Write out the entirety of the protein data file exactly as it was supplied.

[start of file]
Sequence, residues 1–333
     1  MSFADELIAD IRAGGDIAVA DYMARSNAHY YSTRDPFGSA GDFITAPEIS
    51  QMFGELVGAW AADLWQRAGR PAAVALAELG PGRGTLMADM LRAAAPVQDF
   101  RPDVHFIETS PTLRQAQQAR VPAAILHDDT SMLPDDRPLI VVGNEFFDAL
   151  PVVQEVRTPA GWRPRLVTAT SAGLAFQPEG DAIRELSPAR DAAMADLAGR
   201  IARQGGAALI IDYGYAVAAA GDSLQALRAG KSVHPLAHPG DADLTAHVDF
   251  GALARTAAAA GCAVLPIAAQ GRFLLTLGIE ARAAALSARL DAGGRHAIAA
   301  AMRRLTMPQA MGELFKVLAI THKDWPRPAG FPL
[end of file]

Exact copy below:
Sequence, residues 1–333
     1  MSFADELIAD IRAGGDIAVA DYMARSNAHY YSTRDPFGSA GDFITAPEIS
    51  QMFGELVGAW AADLWQRAGR PAAVALAELG PGRGTLMADM LRAAAPVQDF
   101  RPDVHFIETS PTLRQAQQAR VPAAILHDDT SMLPDDRPLI VVGNEFFDAL
   151  PVVQEVRTPA GWRPRLVTAT SAGLAFQPEG DAIRELSPAR DAAMADLAGR
   201  IARQGGAALI IDYGYAVAAA GDSLQALRAG KSVHPLAHPG DADLTAHVDF
   251  GALARTAAAA GCAVLPIAAQ GRFLLTLGIE ARAAALSARL DAGGRHAIAA
   301  AMRRLTMPQA MGELFKVLAI THKDWPRPAG FPL